Who says that BBQ's are only for the summer? – Broighter Gold Rapeseed Oil

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Jim Moore shares his year round BBQ secrets.

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Who says that BBQ's are only for the summer? Jim Moore shares his year round BBQ secrets.

This month we talk to local BBQ Chef extraordinaire, Jim Moore, or for those of us who follow him on Twitter and Instagram, we may know him better as @Onlyslaggin.  Jim shares with us his secrets to the year round BBQ and shares his delicious recipe for BBQ steak and dauphinoise potatoes.


Q1: Jim, can you tell us a little bit about yourself?

I am 42 years old and have been married to my beautiful wife for 20 years now. We have fantastic 2 boys, aged 13 & 10 and we live in Newtownabbey, just outside Belfast.

Q2. Where did your passion for cooking begin?

I’ve enjoyed cooking since I was in my teens and developed a real love barbequing in particular in my 20’s. Every year as soon as the first spot of sunshine appears I’ll be outside getting the BBQ fired up!

Unlike a lot of my friends or family, I have always found barbequing to be a really relaxing and enjoyable experience. I love getting outside as much as possible which probably fuelled my passion for outdoor cooking.

Q3. How did you begin to specialise in barbequed foods?

Over the last 10 years we have spent our family holidays in the USA. Through these visits I started to enjoy what those in the US would call traditional BBQ - slow smoked food. Full racks of ribs, brisket, pulled pork etc all smoked for hours low and slow over charcoal and logs etc.

When I came home I tried to replicate the foods we had enjoyed. I experimented making my own rubs, using different woods (Cheery, Apple, Hickory, Oak etc) with charcoal and found I was able to make food I was proud off.

Q4. Have you found any challenges in perfecting your own recipes?

The more difficult aspect was getting the cuts of meat I needed to help me to really get the best out of my BBQ. A couple years back I made a trip to the Meat Merchant in Moira, part of the Hannan Meat group. I bought a few items and thought the quality was excellent. I love being able to use local ingredients whenever possible. I now buy 90% of all the meat I use through the Meat Merchant.

Q5. Any tips for the perfect BBQ?

Good slow cooked BBQ is a labour of love. You need to get to grips with fire management for your BBQ, the different cooking methods, trying different ingredients and understanding that the fire and smoke also contribute important flavourings and are as important to the food as any other seasoning.

Ensuring that you buy the best local ingredients that you can afford before makes a massive difference.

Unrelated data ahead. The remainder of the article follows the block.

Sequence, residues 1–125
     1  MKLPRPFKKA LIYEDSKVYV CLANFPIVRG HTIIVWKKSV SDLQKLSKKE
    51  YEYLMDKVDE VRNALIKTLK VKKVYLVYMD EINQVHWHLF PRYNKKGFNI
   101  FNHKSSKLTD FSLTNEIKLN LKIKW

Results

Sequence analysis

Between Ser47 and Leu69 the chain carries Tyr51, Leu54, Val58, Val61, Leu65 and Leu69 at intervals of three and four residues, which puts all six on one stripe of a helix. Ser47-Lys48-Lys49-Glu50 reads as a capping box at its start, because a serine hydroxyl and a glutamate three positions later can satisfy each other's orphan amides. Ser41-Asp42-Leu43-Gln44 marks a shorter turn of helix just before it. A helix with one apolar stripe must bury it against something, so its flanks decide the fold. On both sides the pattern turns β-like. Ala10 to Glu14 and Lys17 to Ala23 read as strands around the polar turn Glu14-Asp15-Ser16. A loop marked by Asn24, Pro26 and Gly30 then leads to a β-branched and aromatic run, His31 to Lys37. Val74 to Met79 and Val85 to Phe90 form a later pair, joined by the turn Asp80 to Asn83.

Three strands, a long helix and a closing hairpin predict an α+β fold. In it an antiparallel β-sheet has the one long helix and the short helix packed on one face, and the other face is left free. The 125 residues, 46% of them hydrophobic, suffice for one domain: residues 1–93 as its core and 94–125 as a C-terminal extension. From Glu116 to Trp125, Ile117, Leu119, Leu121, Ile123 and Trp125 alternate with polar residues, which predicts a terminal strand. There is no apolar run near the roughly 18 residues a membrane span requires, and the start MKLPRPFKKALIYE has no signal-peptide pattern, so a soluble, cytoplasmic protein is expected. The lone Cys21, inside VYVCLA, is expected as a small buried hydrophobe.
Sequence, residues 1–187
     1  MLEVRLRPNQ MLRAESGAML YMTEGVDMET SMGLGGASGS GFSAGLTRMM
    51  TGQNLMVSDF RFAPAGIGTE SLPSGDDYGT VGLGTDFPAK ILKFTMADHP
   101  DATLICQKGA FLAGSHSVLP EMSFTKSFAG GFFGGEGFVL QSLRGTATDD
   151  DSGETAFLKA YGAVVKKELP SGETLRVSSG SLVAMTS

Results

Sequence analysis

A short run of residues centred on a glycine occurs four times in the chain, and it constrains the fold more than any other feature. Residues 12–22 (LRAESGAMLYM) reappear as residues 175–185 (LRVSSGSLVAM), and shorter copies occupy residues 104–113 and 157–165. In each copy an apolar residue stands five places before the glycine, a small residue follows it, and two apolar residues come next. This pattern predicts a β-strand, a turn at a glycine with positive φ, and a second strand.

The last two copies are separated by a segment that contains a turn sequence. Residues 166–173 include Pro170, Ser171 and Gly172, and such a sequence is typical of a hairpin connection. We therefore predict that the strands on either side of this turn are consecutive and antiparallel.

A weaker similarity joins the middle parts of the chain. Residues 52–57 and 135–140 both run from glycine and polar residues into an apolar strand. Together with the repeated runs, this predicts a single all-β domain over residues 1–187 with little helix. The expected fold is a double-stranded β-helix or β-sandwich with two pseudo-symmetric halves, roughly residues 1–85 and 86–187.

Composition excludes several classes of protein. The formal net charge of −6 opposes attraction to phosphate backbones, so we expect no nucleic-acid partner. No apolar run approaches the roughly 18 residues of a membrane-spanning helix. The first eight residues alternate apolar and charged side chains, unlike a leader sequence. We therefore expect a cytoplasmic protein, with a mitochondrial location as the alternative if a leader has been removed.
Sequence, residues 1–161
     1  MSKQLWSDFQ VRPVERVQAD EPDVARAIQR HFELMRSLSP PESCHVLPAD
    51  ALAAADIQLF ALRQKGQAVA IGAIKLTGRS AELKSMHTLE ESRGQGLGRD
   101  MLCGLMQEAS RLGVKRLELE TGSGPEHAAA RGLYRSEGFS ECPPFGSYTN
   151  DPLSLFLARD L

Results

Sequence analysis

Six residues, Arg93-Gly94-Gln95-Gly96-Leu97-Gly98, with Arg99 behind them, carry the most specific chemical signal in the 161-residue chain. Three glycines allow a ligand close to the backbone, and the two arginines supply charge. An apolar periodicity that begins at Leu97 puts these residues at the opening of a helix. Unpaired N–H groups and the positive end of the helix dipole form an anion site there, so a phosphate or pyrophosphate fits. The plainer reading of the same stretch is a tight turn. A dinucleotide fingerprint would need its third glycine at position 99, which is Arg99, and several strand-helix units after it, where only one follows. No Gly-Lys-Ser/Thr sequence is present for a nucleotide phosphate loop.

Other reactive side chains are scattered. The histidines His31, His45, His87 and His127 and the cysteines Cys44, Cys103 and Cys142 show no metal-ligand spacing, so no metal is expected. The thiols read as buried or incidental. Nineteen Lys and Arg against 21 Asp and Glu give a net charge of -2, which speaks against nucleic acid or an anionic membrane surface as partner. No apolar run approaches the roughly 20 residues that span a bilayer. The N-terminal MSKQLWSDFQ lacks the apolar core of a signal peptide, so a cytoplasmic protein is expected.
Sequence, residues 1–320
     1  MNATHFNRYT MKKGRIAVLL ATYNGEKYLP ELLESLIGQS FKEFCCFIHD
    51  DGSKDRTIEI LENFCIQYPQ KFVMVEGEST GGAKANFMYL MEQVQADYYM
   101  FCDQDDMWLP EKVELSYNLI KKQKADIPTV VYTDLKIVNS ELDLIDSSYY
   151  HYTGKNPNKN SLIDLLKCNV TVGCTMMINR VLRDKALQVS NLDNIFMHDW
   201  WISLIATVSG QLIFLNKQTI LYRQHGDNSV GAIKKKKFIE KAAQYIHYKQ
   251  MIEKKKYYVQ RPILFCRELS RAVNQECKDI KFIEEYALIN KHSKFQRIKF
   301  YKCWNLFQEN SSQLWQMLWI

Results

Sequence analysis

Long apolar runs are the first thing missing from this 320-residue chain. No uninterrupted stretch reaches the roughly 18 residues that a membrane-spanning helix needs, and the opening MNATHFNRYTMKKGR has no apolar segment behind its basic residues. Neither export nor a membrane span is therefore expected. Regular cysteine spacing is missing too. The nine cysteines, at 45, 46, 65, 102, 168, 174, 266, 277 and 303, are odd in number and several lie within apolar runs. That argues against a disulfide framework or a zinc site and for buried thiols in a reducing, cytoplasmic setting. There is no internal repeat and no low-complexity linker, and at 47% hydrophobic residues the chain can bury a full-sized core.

Q6. You are a bit of an advocate for buying local too aren’t you?

Absolutely, we have some fantastic local produce, and it’s great to be able to cook using locally produced food whilst also being able to support our local industry.

Q7. You are a member of ‘Smokin Yankees Belfast BBQ’, can you tell us how you got involved?

I had dabbled on Instagram & Twitter with posting pictures of my food. I then found there was an entire network of people all interested in BBQ and Outdoor cooking.  It was through this I was introduced to Competition BBQ. I never knew BBQ could be a competitive event!

I had built an online friendship with two other liked minded people in Belfast and both of them had been involved in Competition BBQ. They asked me whether I fancied joining their team and giving it a try. We met, had a few beers, shared some food, and from there I became a member of Smokin Yankees Belfast BBQ!

Q8: Surely the Northern Ireland weather must put a dampener on barbequing?

I won’t be beaten by a bit of bad weather! I had begun to cook outside 3-5 times a week so I decided to build a covered BBQ area at my house to beat the weather and enable me to BBQ all year round, and we take our BBQ out as often as we can too, as a family we have started taking the more portable BBQs out on day trips around Northern Ireland to cook and enjoy our scenery, something that I hope we will be able to do a lot more of this over this summer, fingers crossed!

Q9: Your online presence has got you some very welcome attention too I believe?

Yeah, it has been great. At the start of last summer, I was approached via Instagram by local company ‘Mash Direct’ to develop some BBQ recipes that would work with their products and cook it all on my BBQs. They came out with their video crew and videoed me barbequing the recipes which they shared via their website and social media channels during the summer of 2018.

This year I will also be working with Weber UK doing BBQ demonstrations across Northern Ireland at local garden centres and other venues over the next few months where I will be sharing some hints and tips on how to get the best out of the BBQ and share just how enjoyable outdoor cooking can be.

Q10: And any more competitions for the Smokin Yankees?

This Summer Smokin Yankees are working with Glenarm Castle to host Ireland’s first ever KCBS (Kansas City Barbecue Society) Competition, ‘Celtic Smoke’ at the Dalriada Festival. We hope to see teams from across the UK, Ireland, and USA compete in what should be a fun family event, so we would encourage anyone who is interested to come along and see our team in action!

Jim has shared one of his favourite BBQ recipes using the delicious, award-winning, Broighter Gold Hickory Smoked Oil.